New commitments made to fight noncommunicable diseases
JUST as Southeast Asia announced a declaration to fight non-communicable diseases, the Mandalay Region Public Health Department announced a new initiative to find and cure such diseases in three townships.
WHO Southeast Asia Region member countries adopted the “Colombo declaration” – which aims to strengthen primary healthcare services for non-communicable diseases – at the opening day of a regional meeting in Sri Lanka on September 5. Noncommunicable diseases include cardiovascular diseases, cancers, diabetes and chronic respiratory infections.
“Non-communicable diseases are already taking an unacceptable toll on populations, with the burden projected to rise in coming years,” said regional director for WHO in Southeast Asia Poonam Khetrapal Singh, according to a statement. “To avert this possibility, services for these diseases must be made available at the primary healthcare level, and high-risk populations must be provided all opportunities to access screening and treatment.”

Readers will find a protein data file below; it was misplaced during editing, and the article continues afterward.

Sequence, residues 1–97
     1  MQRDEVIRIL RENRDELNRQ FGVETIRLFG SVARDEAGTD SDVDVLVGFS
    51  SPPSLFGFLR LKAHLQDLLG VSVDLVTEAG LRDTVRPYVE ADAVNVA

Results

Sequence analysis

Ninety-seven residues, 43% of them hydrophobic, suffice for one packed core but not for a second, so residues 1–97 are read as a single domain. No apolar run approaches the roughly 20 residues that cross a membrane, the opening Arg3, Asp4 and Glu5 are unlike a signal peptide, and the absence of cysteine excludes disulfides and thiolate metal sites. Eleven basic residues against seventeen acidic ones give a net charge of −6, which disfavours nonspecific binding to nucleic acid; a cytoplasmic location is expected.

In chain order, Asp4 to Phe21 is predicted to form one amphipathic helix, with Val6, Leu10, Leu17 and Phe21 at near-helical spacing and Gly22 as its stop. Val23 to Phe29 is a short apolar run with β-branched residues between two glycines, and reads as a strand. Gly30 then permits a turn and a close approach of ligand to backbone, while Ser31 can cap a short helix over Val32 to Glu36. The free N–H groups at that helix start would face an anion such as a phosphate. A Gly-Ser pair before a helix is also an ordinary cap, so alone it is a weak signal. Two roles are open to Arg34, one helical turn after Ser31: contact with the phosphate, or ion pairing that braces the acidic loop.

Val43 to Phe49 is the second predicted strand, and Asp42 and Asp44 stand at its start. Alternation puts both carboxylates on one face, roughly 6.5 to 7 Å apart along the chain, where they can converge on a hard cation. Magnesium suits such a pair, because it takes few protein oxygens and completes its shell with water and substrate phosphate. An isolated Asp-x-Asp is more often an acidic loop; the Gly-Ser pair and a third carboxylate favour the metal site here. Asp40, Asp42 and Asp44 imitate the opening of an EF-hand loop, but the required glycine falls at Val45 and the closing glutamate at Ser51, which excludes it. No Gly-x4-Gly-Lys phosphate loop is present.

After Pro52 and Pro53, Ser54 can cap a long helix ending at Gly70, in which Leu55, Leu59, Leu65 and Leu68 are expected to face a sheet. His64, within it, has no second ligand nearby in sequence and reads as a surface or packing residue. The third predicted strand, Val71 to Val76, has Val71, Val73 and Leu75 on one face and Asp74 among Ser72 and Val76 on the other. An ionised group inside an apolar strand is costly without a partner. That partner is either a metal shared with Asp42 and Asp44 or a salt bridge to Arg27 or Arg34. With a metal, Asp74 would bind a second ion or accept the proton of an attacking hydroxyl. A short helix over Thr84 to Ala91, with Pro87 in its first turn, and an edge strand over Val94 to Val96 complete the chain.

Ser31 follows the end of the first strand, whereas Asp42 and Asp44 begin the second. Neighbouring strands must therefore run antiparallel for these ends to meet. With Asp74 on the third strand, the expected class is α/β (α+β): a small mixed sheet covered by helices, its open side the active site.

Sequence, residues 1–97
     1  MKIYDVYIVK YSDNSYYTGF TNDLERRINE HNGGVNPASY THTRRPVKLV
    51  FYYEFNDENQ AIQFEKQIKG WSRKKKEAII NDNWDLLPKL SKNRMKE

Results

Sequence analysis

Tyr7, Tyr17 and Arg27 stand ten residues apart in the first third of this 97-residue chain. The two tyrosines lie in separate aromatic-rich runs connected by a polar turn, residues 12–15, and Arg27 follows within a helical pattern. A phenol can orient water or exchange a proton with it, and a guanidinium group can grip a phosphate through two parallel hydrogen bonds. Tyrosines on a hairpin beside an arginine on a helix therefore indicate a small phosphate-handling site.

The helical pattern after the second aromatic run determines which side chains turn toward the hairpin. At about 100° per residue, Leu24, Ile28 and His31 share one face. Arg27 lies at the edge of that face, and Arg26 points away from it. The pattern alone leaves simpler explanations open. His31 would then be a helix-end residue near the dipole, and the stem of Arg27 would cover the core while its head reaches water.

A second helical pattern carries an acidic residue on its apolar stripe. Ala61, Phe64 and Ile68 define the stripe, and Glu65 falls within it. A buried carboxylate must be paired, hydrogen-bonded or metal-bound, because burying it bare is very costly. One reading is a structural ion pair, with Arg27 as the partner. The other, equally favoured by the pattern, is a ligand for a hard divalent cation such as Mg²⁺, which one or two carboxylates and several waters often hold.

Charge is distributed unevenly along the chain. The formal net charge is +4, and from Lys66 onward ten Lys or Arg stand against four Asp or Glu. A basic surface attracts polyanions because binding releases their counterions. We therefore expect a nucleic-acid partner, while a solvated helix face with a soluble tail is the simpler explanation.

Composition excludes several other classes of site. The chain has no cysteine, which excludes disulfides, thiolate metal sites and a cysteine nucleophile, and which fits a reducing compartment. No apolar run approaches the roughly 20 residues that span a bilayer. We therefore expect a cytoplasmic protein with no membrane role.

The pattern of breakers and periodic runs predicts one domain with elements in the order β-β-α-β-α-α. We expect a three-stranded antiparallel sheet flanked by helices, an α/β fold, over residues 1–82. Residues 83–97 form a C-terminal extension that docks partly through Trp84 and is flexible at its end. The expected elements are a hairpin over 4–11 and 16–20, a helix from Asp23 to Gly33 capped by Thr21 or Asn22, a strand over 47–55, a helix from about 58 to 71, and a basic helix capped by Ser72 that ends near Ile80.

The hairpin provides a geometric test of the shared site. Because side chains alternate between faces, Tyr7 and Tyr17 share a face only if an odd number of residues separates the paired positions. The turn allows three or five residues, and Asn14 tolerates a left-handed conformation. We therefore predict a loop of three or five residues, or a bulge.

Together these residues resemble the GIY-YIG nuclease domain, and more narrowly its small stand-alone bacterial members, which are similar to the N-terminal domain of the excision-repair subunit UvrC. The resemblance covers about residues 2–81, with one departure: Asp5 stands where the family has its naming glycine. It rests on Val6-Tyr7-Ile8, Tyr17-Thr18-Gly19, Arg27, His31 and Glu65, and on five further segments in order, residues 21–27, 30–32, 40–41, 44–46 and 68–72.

The Mandalay Regional Department of Public Health has chosen Thazi, Tada-U and Ngazun townships for its initiative, which is expected to start in October, department head U Win Naing said on September 1.
The department has already offered a training class to rural healthcare employees and provided medication, he said.
“We have mainly chosen the townships that are far from the city,” he said.
In August, Dr Myint Shwe, director of a branch of the Department of Public Health that deals with non-communicable diseases, explained that the success of 2012 programs in Yangon Region’s Hlegu and Hmawbi townships has led to plans for programs in 10 more townships around the country before the end of the year.
About 8.5 million people in Southeast Asia die each year from noncommunicable diseases, including 4.1 million youth, according to the figures released by WHO in 2014.
Some causes of non-communicable diseases include extreme use of cigarettes and tobacco, unhealthy lifestyle and diet, excess alcohol consumption and lack of proper physical exercise.
The Colombo declaration included a promise to fund health programs through taxes on cigarettes and unhealthy food.
“This is an important opportunity to reaffirm commitment to the global goal of reducing NCD-related premature mortality by one-third by 2030, and to actually map out how we will get there,” said Dr Khetrapal Singh according to the WHO’s statement. “Implementing effective policy solutions is vital to addressing the personal and social tragedy caused by NCDs, as well as their impact on economic development.”